The Prime Minister's fence gleamed like a grin.
On Saturday, voters painted the town - and also the country - red. It was a landslide win to Labour, but in the early morning-after sun, it was just the grandfathers doing victory laps around Jacinda Ardern's Sandringham home.
They pushed 2-year-old Neve down the street and past that freshly washed fence (a bucket, not a hose, the city's still subject to water restrictions) while the neighbours on the corner erected the only billboard that counts in Auckland when there's a Bledisloe Cup match looming: Parking, $10.
The Prime Minister's local coffee house screamed like a baby. So many babies, bouncing on knees at Crave Cafe, where you'd think the first punters of the day would be talking elections, but were instead ordering Benediction ($21 with free-range bacon).
Count those blessings via your social media feed. Twitter is an echo chamber, but the armchair statisticians were trumpeting every single electorate in the South Island had given their party vote to Labour and that it was now possible to travel from Wellington to the East Cape without driving through a National held electorate.
Overheard on the internet: "Pinch me, are the farmers voting Labour?". And "I can't tell if my antidepressants are finally working or if this genuine joy".
Officially the most Queer Parliament in the world, reported the Rainbow Greens. Not one, but two Pasifika MPs in Palmerston North. Chloe Swarbrick on the late night DJ decks at Whammy Bar and slamming it in Auckland Central for the Greens. Rawiri Waititi taking Waiariki and putting the Māori Party back in Parliament. David Seymour with the ability to hold an Act Party caucus meeting for the first time; Winston Peters with not a soul across the threshold.
World leaders sent their congrats. The Dalai Lama praised Ardern's "courage and wisdom and leadership". National's Deputy Gerry Brownlee was trounced in Ilam and summed up his sentiments in a single word. "&%#$," he said on Twitter, but it turned out to be a parody account run by comedian Guy Montgomery. "A terrible night for Slytherin," said Raybon Kan, another comedian.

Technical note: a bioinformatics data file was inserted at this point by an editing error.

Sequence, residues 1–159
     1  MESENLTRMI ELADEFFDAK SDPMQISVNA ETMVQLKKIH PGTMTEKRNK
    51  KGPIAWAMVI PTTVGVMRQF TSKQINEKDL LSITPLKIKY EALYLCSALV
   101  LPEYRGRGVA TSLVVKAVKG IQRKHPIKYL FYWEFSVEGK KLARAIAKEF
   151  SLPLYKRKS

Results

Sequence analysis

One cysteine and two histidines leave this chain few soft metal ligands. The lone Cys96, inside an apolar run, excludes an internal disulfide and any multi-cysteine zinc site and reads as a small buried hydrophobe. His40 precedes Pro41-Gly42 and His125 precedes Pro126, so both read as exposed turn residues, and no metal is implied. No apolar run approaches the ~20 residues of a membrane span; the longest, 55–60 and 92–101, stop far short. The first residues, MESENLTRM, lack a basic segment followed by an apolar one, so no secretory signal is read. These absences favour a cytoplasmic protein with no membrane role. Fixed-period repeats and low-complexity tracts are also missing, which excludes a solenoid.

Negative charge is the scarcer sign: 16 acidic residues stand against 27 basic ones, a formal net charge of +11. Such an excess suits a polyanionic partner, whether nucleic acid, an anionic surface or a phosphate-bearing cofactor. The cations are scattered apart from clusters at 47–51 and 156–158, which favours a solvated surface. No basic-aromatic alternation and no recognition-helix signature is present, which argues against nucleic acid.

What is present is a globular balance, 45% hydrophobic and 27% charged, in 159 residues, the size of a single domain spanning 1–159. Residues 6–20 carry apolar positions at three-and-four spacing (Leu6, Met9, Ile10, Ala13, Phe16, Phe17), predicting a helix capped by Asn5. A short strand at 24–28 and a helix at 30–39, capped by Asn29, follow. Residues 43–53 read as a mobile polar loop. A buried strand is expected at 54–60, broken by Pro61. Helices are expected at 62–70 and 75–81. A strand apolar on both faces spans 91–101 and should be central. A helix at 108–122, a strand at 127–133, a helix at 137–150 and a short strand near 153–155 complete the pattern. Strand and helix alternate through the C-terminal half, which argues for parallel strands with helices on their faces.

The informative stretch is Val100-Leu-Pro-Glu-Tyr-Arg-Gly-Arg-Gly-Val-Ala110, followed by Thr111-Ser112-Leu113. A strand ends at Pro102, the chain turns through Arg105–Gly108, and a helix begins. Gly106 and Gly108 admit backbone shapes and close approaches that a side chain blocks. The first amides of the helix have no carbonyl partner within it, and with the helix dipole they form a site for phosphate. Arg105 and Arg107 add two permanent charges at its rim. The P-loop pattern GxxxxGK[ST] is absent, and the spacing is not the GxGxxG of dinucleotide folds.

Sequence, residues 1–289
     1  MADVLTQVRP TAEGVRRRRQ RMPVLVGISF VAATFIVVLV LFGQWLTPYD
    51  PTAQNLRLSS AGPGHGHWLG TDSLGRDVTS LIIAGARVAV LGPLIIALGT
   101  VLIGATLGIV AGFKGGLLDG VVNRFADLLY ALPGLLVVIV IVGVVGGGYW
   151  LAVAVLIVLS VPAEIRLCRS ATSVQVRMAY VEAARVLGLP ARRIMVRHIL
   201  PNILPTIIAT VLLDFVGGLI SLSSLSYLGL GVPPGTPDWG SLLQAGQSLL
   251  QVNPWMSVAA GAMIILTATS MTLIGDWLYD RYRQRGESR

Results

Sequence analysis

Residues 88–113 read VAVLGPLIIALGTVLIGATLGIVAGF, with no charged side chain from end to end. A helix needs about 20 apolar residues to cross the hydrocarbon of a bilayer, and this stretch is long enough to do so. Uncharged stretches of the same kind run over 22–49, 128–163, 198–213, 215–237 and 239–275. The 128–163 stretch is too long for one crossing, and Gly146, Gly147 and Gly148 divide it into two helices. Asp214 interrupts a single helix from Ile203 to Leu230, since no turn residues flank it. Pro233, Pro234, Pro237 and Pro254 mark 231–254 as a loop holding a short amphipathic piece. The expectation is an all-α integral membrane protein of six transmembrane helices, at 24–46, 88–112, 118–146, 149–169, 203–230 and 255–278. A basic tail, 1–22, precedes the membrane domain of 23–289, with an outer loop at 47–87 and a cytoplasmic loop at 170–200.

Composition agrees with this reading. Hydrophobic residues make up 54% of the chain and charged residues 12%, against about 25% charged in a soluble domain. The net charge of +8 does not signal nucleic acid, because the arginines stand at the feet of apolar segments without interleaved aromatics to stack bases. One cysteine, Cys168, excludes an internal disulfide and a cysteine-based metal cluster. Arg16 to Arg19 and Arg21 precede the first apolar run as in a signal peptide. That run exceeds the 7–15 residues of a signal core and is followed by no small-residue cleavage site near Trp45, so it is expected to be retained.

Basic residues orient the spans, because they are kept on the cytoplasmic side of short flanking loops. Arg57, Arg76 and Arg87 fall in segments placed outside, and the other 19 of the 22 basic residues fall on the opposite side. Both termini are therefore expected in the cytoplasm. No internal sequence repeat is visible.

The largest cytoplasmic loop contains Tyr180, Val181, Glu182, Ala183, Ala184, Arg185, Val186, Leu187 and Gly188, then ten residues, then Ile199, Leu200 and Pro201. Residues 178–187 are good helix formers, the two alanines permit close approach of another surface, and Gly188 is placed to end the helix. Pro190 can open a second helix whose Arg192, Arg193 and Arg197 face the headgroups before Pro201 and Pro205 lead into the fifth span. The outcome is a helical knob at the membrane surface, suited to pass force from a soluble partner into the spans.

In Nelson, Nick Smith conceded in front of a doctored National campaign slogan: "Strong Tea, Better Jam, More Scones" and it was suggested these were, perhaps, policies for all of New Zealand.
Actual morning tea and still no sign of Ardern. At the Central Flea Market, 1km from her house, Kevin Barratt sold "Judylicious and Cindylicious" merchandise - badges and T-shirts featuring the leaders' faces.
"I intentionally made them beautiful," he said. "There is too much ugliness in the world."
This is not his day-job. He's a registered nurse. "This was a labour - and national - of love."
On the morning after the first MMP election to give a single party power to govern alone, more people were buying Jacinda than Judith.
The man at the stall selling antiques and bric-a-brac wanted $150 for a battered sign that said "The Press". It might have hung in Parliament, he reckoned. He was a salesman, a raconteur. Did the election go his way?
"I'm one of the vote changers," he said. "First time I've gone red in my life."
He did, he said, because of a $575 a week wage subsidy during the Covid lockdown and also, because he trusted Ardern. Next time? "We'll see how we go ..."
How we were going was quite nicely and politely, really, except for that one cafe owner on Twitter who feared he'd be paying his workers $20 an hour by the next election. More important questions: who was the guy in the security detail outside the Auckland Town Hall with the handlebar moustache to rival the hashtag sparked by 2017's bearded "hipsterspook".
The country was joking, commiserating or just getting on with it (Denee Skinner learned to crochet during lockdown. She sold string bikini tops at the Balmoral market but last night she worked in a bar and "it was really quiet - everyone was at home watching the election. Can't you just find out in the morning?"). But then the sun went behind a cloud. That old 1pm anxiety. Dr Ashley Bloomfield confirmed a new - but hopefully contained - case of community transmission of Covid in a port worker.
Ardern finally appeared. She smiled. She took questions. She said she had not had a sleep-in, because "I was up, dealing with Covid". And it's possible an entire nation, including those that didn't vote for her, wished she'd finished that sentence with "Neve". Or even "Winston".